Ða lafe þæs gereordes þæt sint þa deopnyssa þære lare. þe woruldmenn understandan. ne magon; þa scolon þa lareowas gegadrian. þæt he ne losian and healdan on heora fætelsum; þæt is on heora heortum and habban æfre...

    • 5 ‘Consider Lazarus’: A Context for Vercelli Homily VII
      (pp. 75-86)
      Jane Roberts

      The closing section of Vercelli Homily VII (lines 84–118) is directed towards the need for moderation in eating and drinking.¹ Here, in the words of Hugh Magennis, the homily asserts the ‘necessity and goodness of food, as opposed to overindulgence’, an observation tucked away in a footnote in his Anglo-Saxon Appetites.² The context in which this footnote arises is, interestingly, a discussion of feasting and drinking as ‘among the worldly things that distract people from the great realities of death and judgement’, and Magennis points out that for ‘Gregory and other homilists, the exemplum of Dives (Luke XVI. 19...

    • 6 More than a Female Joseph: The Sources of the Late-Fifth-Century Passio Sanctae Eugeniae
      (pp. 87-111)
      E. Gordon Whatley

      A mong the most successful and long-lasting of Christian literary genres to emerge in late Antiquity was the passio (or acta or gesta ) narrating a martyr’s arrest, interrogation, suffering and execution. A handful of such works – including the Passions of St Perpetua and St Felicity, Bishop Polycarp, and the Martyrs of Lyon, along with the so-called Proconsular Acts of St Cyprian, to name the best known¹ – are believed to have been composed during the age of persecution itself, the first three centuries ad, by eye-witnesses or by others with access to trial records. These few early passiones form a...

    • 7 Ælfric, Leofric and In Natale Plurimorum Apostolorum
      (pp. 112-122)
      Joyce Hill

      As part of his campaign to develop a library that met his essentially continental standards of what was appropriate for a bishop, Leofric, who held the see of Devon from 1046 to 1072, first at Crediton and then, from 1050, at Exeter, made a number of very careful additions to an assemblage of regulatory materials in English that had their origins in early-eleventh-century Worcester. These additions, also in English, reveal his appreciation of the purpose of the original manuscript materials, which were texts useful in exercising episcopal responsibilities. If, as is highly likely, this original core of vernacular texts was...

  7. II. Aspects of Community and Consumption

    • 8 Stories from the Court of King Alfred
      (pp. 123-140)
      Malcolm Godden

      Three key Alfredian texts were issued in or around the year 893: Asser’s Life of King Alfred, the Anglo-Saxon Chronicle, and the prose preface to the Old English Pastoral Care.¹ Together the three texts provide extensive testimony about King Alfred as ruler, warleader, saint, scholar and educator, and from at least the twelfth century historians were combining those three texts and reconciling their differences in order to develop a comprehensive account of the king. But how much of this testimony is fact and how much myth or spin has always been difficult to tell. The Alfredian myth had begun already...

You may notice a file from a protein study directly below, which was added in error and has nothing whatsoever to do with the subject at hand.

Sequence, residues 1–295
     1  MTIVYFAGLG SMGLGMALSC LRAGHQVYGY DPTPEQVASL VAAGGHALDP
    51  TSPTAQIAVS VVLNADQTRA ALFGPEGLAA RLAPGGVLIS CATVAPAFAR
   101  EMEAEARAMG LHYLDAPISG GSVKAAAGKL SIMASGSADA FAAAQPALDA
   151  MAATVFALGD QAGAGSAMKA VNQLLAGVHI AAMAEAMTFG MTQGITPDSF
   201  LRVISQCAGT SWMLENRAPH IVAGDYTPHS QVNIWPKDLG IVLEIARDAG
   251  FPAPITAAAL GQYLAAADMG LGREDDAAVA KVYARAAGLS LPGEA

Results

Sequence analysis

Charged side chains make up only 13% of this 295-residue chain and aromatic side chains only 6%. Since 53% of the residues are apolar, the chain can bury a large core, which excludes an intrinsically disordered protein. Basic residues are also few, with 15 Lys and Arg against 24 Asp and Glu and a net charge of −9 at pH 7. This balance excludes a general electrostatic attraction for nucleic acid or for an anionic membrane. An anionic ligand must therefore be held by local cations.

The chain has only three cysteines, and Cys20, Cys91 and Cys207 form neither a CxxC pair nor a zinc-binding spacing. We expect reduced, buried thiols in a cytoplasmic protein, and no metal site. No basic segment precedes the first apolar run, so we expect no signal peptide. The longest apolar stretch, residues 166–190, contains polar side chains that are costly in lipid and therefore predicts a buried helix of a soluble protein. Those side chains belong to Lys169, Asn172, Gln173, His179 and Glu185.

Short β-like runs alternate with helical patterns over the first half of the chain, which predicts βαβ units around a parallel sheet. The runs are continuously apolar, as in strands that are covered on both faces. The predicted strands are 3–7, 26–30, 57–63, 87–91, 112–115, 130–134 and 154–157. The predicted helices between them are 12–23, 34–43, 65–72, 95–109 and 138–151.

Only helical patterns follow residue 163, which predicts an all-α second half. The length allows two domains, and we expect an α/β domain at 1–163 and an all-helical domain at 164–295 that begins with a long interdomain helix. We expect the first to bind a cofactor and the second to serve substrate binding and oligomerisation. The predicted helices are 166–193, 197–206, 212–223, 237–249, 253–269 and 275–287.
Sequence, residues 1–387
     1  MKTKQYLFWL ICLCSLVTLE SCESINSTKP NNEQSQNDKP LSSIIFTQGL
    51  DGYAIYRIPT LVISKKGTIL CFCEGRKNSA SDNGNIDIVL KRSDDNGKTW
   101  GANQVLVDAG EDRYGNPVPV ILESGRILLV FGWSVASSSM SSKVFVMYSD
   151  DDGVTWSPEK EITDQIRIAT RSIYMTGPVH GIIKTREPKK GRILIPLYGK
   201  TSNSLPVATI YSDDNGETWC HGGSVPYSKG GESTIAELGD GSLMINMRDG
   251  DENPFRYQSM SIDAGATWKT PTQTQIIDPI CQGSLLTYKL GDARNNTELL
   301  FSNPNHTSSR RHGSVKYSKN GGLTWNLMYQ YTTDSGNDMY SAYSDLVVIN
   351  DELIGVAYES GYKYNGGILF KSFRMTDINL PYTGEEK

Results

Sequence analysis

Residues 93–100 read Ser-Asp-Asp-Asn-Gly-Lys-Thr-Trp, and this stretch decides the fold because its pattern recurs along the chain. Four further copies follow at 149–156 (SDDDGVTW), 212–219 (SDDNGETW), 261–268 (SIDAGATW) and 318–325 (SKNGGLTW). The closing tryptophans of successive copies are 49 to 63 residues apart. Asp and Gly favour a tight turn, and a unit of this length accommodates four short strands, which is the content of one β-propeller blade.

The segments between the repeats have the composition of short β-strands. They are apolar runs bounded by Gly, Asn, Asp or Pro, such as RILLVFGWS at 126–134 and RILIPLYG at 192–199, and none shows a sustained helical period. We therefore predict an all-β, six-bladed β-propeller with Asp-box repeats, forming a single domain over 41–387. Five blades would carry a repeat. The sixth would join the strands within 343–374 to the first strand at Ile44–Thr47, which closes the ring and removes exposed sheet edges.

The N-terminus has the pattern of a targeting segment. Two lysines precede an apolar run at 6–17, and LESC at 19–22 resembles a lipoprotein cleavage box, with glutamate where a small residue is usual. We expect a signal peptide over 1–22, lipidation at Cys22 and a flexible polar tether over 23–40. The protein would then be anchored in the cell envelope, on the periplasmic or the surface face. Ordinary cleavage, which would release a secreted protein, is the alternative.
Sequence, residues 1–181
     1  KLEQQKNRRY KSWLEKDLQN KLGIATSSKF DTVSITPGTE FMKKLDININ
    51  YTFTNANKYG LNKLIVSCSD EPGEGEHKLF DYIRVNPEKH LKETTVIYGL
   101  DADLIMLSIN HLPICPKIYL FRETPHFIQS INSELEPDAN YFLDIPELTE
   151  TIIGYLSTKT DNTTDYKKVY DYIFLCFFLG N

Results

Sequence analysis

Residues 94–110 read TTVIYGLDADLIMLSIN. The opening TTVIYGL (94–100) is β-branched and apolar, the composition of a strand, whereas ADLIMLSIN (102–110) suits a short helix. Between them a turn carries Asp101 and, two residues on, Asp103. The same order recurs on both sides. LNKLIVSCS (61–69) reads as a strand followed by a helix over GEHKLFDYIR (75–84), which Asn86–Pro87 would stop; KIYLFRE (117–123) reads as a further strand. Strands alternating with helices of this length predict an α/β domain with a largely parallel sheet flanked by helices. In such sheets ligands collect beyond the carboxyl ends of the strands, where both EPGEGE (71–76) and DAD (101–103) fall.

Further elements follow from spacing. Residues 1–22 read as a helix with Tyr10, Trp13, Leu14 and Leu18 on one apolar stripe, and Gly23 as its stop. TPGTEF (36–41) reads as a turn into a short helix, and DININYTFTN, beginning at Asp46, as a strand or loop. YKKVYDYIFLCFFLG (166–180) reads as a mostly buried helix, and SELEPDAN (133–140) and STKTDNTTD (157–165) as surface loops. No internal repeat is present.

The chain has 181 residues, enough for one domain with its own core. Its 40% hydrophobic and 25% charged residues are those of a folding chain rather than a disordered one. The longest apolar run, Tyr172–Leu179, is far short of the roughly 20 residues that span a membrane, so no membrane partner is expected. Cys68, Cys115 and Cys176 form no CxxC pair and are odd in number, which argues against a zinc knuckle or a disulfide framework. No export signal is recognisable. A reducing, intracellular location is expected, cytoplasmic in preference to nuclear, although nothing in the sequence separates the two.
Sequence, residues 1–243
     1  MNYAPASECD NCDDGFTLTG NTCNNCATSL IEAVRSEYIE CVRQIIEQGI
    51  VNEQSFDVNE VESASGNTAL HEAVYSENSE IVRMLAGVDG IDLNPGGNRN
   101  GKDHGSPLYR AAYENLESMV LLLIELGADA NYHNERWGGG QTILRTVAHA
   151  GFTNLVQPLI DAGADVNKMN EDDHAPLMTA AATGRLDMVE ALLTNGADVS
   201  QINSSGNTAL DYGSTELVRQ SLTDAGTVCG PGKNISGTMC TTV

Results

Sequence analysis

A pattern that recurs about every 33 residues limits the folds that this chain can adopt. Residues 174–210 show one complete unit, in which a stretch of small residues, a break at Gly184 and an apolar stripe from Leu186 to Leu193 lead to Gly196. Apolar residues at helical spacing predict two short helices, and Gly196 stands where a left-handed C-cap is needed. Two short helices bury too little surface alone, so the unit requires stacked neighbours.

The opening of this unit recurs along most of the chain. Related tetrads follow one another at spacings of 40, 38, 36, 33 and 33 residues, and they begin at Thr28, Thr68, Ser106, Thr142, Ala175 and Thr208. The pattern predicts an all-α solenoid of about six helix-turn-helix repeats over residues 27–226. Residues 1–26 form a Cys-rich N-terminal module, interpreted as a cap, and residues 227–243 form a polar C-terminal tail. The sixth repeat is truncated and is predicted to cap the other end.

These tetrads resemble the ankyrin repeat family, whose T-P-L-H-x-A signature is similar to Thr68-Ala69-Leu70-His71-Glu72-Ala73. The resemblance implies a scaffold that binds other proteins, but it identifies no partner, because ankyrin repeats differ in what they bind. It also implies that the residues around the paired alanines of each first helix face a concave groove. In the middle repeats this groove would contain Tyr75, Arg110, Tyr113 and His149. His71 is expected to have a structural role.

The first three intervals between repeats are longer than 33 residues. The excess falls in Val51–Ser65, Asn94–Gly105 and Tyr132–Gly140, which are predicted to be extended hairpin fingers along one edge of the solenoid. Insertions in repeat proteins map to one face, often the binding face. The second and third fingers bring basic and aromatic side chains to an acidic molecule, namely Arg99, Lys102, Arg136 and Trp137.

• 9 De Duodecim Abusiuis, Lordship and Kingship in Anglo-Saxon England
      (pp. 141-163)
      Mary Clayton

      De Duodecim Abusiuis , a Latin text written in Ireland in the seventh century, enumerates and describes what its author saw as the twelve abuses by which the whole of humanity is deceived and iustitia is suffocated;¹ this text, in particular its ninth abuse, was, as Patrick Wormald has said, ‘one of the most profoundly influential formulations of Christian political obligation in the entire Middle Ages’.² In England, as on the Continent, the ninth abuse, the unjust king, provided a succession of authors with a means of talking about and to kings and it was one of the cornerstones of...

    • 10 Reluctant Appetites: Anglo-Saxon Attitudes towards Fasting
      (pp. 164-186)
      Christina Lee

      Food in literature is never just sustenance, but carries a raft of cultural meaning. It is as a result of Hugh Magennis’s prolific work on feasting and consumption in Old English literature and related Germanic texts that we understand the rich symbolism of food and drink in the culture of the Anglo-Saxons. I first met Hugh at the Leeds Medieval Congress as a fledging academic and he has been a most kind and supportive mentor over the years. Hugh in his meticulous and scholarly manner has left little that can be added to the topic of eating or drinking in...

    • 11 A Note on the Function of the Inscribed Strip from the Staffordshire Hoard
      (pp. 187-194)
      Elisabeth Okasha

      This short paper is offered to Hugh as a mark of great respect for his work as an Anglo-Saxon scholar over many years. Hugh’s interests have covered many aspects of the literature and culture of Anglo-Saxon England and I have no doubt that all those working on the Staffordshire hoard of Anglo-Saxon gold and silver will greatly benefit from his interest in it. As is now well known, amongst the many highly decorated gold and silver objects found in 2009 in the hoard, there is only one that is inscribed. This is a thin strip of gold that contains a...

    • 12 The Shining of the Sun in the Twelve Nights of Christmas